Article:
Jump directly to the Content

Church Discipline Really Works (pt. 1)

When you make it loving and redemptive.

(Ed. note: Ken Sande says publicly disciplining sinful and wanton church members is good for the church, and it's good for the one disciplined. Then why do so few church practice discipline today? Here is the first part of our interview.)

How do churches need to think differently about church discipline?
The word "discipline" describes two aspects of church life. First there is formative discipline. This is the idea of bringing people to maturity in Christ the way a football coach disciplines his team through daily practices. This includes encouragement, practice, instruction, and showing them what is right and good. This is what a church does through its ministries.

The second category is corrective discipline. This occurs when someone swerves off the path. When a football player is not paying attention, when he is proud or defiant, the coach will make the player run laps. In the church when a brother or sister gets off track we use corrective discipline to restore and redeem them, to set ...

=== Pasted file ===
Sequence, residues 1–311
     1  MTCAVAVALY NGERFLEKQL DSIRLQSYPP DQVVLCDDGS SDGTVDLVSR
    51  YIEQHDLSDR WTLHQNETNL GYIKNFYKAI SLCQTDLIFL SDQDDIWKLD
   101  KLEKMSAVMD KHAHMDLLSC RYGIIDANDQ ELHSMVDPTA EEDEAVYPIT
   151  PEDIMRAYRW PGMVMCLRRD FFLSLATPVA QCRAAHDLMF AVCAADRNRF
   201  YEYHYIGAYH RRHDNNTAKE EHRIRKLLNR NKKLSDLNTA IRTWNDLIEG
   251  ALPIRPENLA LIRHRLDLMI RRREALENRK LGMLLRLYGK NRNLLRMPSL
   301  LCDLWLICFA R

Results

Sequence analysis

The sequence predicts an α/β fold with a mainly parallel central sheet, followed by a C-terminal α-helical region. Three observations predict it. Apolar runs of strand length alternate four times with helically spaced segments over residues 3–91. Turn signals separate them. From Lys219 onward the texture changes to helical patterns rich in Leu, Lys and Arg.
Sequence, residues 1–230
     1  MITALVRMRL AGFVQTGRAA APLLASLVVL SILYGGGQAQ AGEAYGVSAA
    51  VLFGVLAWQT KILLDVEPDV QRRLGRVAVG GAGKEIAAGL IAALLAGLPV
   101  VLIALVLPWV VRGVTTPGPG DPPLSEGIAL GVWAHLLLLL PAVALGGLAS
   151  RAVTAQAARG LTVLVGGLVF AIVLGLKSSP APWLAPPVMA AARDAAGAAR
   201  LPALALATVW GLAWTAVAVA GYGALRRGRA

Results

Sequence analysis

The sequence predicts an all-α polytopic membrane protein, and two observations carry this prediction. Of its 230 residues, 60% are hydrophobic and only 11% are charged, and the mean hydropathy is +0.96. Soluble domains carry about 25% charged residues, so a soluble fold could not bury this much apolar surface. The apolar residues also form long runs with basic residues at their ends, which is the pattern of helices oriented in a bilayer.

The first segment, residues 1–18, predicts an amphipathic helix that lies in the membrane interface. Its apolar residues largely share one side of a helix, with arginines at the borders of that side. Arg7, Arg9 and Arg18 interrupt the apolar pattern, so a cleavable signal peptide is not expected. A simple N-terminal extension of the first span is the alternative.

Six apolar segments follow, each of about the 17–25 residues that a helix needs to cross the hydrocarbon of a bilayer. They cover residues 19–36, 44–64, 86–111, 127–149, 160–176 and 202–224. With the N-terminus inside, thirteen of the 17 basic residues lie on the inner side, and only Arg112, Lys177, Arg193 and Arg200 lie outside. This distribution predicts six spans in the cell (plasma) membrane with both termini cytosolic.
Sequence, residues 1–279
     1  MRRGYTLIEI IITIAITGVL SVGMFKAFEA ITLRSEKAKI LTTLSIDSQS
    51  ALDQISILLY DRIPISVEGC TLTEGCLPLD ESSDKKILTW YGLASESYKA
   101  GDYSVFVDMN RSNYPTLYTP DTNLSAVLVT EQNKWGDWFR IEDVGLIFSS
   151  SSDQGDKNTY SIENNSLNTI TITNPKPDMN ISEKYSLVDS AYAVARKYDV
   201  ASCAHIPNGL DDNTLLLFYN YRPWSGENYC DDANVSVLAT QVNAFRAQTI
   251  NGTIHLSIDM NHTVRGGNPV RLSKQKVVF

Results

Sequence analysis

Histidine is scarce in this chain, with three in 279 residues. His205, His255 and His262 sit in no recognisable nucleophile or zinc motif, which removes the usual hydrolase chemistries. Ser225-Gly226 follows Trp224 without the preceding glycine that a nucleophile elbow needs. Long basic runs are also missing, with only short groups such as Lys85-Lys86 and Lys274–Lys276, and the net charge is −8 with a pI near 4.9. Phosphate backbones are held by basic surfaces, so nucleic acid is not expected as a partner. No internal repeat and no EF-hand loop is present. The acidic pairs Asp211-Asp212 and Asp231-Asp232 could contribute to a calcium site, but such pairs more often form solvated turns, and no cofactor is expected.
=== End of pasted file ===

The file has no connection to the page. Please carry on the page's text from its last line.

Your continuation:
Subscriber access only You have reached the end of this Article Preview

To continue reading, subscribe to Christianity Today magazine. Subscribers have full digital access to CT Pastors articles.

May/June
Support Our Work

Subscribe to CT for less than $4.25/month

Homepage Subscription Panel

Read These Next

Related
Gateway Country
Gateway Country
4 myths about reaching the unchurched - and 4 ways to draw them in.
From the Magazine
They Might Be Giants. (Or Angels. Or Superhuman Devils.)
They Might Be Giants. (Or Angels. Or Superhuman Devils.)
Who, or what, are the Nephilim? We don’t know—and maybe we don’t need to.
Editor's Pick
Why Suffering Belongs in Our Sermons
Interview
Why Suffering Belongs in Our Sermons
Matthew D. Kim believes addressing pain is part of a preacher’s calling.
close